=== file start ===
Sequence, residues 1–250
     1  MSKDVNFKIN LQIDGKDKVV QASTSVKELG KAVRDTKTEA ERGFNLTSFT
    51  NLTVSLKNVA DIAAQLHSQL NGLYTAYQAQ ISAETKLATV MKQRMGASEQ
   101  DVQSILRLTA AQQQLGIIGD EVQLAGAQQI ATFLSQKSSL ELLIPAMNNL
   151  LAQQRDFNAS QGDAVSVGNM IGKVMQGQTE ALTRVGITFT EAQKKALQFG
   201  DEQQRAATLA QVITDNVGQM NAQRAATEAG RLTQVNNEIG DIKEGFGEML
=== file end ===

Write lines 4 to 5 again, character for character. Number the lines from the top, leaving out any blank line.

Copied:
   101  DVQSILRLTA AQQQLGIIGD EVQLAGAQQI ATFLSQKSSL ELLIPAMNNL
   151  LAQQRDFNAS QGDAVSVGNM IGKVMQGQTE ALTRVGITFT EAQKKALQFG